Newly Approved Regimens for Relapsed/Refractory Multiple Myeloma


Key opinion leaders discuss newly approved agents and their impact on treatment decisions for relapsed/refractory multiple myeloma.

James Hoffman, MD: Both of us have taken advantage of and been excited about a lot of the advances and new drugs that have been coming for myeloma and some that we’re anticipating in the near future. I wanted to talk through some of these with you for the purposes of this presentation, specifically isatuximab as a new monoclonal antibody in combination with pomalidomide and carfilzomib. Certainly, the CD38 antibody daratumumab is something that we’ve used for years. I’m curious what you think about the addition of isatuximab and what some of the recent data have shown us.

Joshua Richter, MD: It’s been exciting, yet another tool in our tool belt. As you pointed out, CD38 monoclonals have become as crucial to the management of myeloma as Rituxan [rituximab] has to the management of non-Hodgkin lymphoma. And with the recent ICARIA and IKEMA data, ICARIA being isa/pom/dex [isatuximab, pomalidomide,dexamethasone] and IKEMA being isa/car/dex, [isatuximab, carfilzomib, dexamethasone] we have yet 2 more triplet options in the relapsed setting. Both are extremely active regimens, and both have shown excellent activity in Revlimid [lenalidomide]-refractory patients, which most patients in the US progress on Revlimid in the front line. One of the big questions I’m facing, and I want to hear your thoughts as well, is where do isatuximab-based regimens fit after dara [daratumumab]? We’re using at our institution a 6-month washout, so if you got dara/rev/dex [daratumumab, lenalidomide, dexamethasone] early on, and you got another regimen in between, and around 6 months have passed, then we say, well, CD38 has probably re-expressed itself on those plasma cells, and that may be a good time to bring in isatuximab with a different partner than they’ve had before. I’d definitely love to hear your thoughts on it.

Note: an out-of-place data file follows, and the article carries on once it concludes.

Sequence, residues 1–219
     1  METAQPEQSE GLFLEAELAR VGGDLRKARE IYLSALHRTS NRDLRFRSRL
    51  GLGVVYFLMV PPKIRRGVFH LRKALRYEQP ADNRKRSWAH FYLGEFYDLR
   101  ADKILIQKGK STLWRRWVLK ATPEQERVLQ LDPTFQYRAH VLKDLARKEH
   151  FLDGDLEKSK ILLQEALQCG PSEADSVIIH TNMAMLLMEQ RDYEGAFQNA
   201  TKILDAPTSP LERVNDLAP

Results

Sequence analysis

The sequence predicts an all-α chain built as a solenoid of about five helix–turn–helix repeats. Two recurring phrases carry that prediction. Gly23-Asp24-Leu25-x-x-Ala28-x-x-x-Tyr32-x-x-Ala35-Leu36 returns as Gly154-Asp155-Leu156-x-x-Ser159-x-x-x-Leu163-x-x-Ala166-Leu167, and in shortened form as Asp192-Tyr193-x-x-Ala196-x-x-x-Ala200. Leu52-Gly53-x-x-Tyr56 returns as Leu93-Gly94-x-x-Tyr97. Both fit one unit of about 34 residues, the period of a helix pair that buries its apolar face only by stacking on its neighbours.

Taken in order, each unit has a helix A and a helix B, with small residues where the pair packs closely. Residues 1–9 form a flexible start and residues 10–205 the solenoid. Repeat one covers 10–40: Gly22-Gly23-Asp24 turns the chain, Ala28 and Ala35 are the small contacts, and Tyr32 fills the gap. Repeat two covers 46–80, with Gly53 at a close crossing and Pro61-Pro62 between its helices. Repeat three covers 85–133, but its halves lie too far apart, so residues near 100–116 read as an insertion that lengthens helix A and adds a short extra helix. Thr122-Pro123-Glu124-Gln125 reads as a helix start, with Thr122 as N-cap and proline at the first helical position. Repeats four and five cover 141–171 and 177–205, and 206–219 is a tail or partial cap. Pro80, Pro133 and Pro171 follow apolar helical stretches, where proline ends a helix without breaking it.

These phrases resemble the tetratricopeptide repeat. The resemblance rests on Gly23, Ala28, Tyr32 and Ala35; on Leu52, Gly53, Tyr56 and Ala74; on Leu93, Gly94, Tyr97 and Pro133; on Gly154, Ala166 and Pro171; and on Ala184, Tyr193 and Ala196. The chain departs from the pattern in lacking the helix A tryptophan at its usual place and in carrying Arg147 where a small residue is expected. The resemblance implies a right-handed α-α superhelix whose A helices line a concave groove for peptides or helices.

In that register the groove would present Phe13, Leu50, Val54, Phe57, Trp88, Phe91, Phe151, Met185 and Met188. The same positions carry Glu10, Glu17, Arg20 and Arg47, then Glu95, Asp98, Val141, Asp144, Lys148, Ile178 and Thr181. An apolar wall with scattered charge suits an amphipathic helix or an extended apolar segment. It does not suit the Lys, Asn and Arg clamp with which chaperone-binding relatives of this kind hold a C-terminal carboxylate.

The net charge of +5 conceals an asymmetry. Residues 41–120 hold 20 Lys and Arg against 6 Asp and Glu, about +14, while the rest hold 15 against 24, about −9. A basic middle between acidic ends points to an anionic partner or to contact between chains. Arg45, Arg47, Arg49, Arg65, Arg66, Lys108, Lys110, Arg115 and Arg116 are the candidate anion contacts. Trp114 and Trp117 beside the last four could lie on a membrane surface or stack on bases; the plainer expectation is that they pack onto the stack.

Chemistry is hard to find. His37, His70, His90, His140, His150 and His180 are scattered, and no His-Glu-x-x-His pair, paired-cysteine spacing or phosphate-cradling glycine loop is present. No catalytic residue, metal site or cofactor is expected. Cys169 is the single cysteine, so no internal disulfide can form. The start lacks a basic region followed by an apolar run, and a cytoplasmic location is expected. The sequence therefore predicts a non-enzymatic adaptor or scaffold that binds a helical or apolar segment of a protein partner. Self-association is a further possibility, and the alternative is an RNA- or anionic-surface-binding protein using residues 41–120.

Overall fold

James Hoffman, MD: Those are all good points. For me, one of the challenges is, as you hinted at, we don’t have data on isatuximab after daratumumab, and we live in a daratumumab world, where patients are getting exposed on relapse, and some of them now with initial therapy. Certainly it would be nice to know or have some real data on what the response rates are going to be with isatuximab vs retreatment with daratumumab and some of these combinations. Isatuximab has some advantages and disadvantages. It’s IV [intravenous] as opposed to subQ [subcutaneous], which we’ll talk a little about with dara [daratumumab] coming up. There are some cost savings with isatuximab vs daratumumab. I haven’t used isatuximab a lot because I am comfortable reusing daratumumab, but I would say that in patients previously treated with dara[daratumumab] like you said, with a washout period and for whom I’m going to be using carfilzomib, which requires an IV anyway, to me that’s a group of patients for whom it’s very reasonable to use isatuximab as opposed to daratumumab, a slightly different epitope, slightly different mechanism. That’s been the one small patient population where I’ve focused on myself.

Joshua Richter, MD: One of the things you brought up in talking is the incorporation of subcutaneous daratumumab, and I want to hear how that’s impacted your practice and any tips or tricks for anyone.